It seems to me that our current situation presents an opportunity to share a stripped-down honesty with one another that we have previously shied away from.
As the pandemic rolls on, I am in constant touch with people whose lives have been turned upside down. They are reaching out to me as their MP for support at this time; being forced to admit that they are desperate, anxious and vulnerable.
I, too, have had to admit human frailty, being knocked sideways for a couple of weeks by what was almost certainly a bout of Covid-19. And at about the time that I was feeling my worst, the Prime Minister himself – the one up there on the pedestal, in charge of navigating the UK through these choppy waters – hit rock bottom as he was taken into intensive care to fight for his very life.
This is all a far cry from the image we are used to presenting to one another. We are accustomed to showing people an image of ourselves that we have carefully created and curated – an instagrammed version of our lives that highlights the best about us. Even in lockdown, we allow people to see just a tantalising Zoom screen’s-worth of our houses through our video calls.
But the very fact that we are glimpsing each other’s home territory, at a time when we have all been forced onto the back foot by the virus, gives us an opportunity to let our guard down a bit.
We can choose to be more honest about who we are; to reveal more of our humanity behind the public facade. We have the chance to be a little less concerned with showing a brave and perfect face to the world, and more ready to admit the challenges and struggles we are all facing together, reaching out on a relational level to those we cannot meet physically.
What stops us from being honest with each other in ‘normal life’ about our struggles and vulnerabilities? Being known is something we have somehow been fearful of; the idea that we will be found out for who we really are behind our masks.
This may be because there is very little forgiveness in our society. We each create our own identity, and it is our responsibility to promote and defend our right to express ourselves as the individuals that we choose to be. There is no redemption if we slip up or fall down.
Frankly this is quite an exhausting way of living. We are required to be our own cheerleaders, and our mental health suffers as a result of constantly striving to be our best selves.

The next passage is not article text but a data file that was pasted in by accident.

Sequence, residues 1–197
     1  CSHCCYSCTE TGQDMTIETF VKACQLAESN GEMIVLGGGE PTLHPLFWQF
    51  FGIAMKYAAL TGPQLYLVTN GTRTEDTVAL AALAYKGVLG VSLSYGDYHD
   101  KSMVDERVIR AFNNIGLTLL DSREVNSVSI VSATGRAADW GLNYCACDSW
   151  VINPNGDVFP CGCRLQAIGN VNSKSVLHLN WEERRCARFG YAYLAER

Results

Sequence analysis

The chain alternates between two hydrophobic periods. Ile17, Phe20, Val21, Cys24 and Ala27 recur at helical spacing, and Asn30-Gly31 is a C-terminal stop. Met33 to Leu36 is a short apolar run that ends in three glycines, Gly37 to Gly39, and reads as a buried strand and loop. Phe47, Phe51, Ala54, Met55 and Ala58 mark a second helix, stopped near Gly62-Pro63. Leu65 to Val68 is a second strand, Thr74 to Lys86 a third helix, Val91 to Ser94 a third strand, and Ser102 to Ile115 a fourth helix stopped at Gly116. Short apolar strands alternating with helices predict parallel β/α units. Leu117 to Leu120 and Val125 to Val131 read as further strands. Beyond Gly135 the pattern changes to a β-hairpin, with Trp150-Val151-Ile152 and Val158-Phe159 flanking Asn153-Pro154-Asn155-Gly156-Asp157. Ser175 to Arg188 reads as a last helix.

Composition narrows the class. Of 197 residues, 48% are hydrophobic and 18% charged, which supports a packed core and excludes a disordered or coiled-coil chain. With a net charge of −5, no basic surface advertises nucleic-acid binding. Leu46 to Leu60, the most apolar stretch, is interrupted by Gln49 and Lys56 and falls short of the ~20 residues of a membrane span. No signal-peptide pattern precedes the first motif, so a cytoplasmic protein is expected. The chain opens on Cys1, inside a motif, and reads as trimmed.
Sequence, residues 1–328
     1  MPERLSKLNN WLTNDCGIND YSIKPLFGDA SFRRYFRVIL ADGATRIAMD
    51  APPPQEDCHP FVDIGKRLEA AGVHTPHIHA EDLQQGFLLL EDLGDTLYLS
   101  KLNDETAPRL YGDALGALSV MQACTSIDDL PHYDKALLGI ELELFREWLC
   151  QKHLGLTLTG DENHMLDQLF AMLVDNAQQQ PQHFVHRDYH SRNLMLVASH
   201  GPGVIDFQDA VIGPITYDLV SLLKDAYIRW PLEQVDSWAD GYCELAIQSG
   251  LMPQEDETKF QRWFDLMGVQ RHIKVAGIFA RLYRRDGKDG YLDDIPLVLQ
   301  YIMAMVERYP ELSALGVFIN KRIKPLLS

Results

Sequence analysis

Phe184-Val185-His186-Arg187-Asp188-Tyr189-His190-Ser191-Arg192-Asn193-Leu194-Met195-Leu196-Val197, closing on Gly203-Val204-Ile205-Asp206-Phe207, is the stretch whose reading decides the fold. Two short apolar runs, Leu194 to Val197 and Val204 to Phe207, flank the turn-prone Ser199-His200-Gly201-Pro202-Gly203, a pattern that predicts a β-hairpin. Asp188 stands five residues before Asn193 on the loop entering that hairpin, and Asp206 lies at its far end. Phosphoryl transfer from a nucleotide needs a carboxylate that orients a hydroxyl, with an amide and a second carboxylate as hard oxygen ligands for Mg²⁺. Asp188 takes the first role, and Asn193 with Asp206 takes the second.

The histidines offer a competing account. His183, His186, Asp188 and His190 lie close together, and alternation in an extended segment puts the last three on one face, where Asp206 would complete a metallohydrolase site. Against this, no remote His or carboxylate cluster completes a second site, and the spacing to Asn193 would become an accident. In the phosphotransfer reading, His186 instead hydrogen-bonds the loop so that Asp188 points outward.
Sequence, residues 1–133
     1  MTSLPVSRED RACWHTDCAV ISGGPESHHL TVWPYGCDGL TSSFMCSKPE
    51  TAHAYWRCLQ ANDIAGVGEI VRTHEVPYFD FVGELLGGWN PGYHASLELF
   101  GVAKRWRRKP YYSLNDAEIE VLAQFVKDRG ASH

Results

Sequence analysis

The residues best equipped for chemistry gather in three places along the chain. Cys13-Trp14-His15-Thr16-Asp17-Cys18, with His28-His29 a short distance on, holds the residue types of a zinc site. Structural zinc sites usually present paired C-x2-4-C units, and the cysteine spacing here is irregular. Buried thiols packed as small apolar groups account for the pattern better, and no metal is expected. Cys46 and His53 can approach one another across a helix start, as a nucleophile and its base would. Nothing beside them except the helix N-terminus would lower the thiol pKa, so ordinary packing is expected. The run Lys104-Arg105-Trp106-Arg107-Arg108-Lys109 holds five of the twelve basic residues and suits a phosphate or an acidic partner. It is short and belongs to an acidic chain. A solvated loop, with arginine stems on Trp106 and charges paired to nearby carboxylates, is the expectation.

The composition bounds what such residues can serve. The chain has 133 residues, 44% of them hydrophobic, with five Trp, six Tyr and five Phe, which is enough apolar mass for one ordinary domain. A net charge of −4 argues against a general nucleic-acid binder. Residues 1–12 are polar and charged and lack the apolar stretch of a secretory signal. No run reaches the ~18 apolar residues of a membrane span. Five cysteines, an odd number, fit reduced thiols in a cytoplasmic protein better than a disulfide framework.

The pandemic strips away this veneer – the need to be seen as invulnerable and in control of our destinies. This might make us anxious, but I think it should be a relief.
Even as Christians, although we believe that God is in ultimate control of the universe, we are, in reality, much more comfortable believing that we are in charge and infallible. And it’s pretty exhausting, trying to be our own gods in front of one another all the time.
Instead of this, we should remind ourselves that God knows exactly who we are, and cares deeply about us, despite our failings and imperfections. Psalm 139 tells us that we are, and have always been, intimately known by him. Through the death and resurrection of Jesus, He offers us the redemption we are seeking. He watched us form in the womb and knows what we are about to say before we even open our mouths. We are not suddenly revealed to him by our Zoom bookshelves. We do not need to keep pretending.
How should we respond to this knowledge, as we face colleagues and friends through a screen, desperate for human contact and laid bare by the crisis through which we are living? How can we use our virtual gatherings to reach out and perhaps challenge them, through our own honesty, to dare to believe that they are loved; that they have an inherent worth and dignity, and a saviour longing to gather them in his arms?
I hope that we can find the courage to quietly model the hope that we have, not only that the pandemic will not last forever, but that we need not be afraid. Not because it cannot harm us – Christians are no more immune to the health or economic consequences of Covid-19 than anyone else – but because we know that we are supported by everlasting arms.
This should give us confidence to allow others to glimpse our vulnerabilities, and as part of that honesty, to point them to the only one who can truly hold us in the midst of the storm, resting in the shadow of his wings.
Tim Farron is the MP for Westmorland and Lonsdale and former leader of the Liberal Democrats.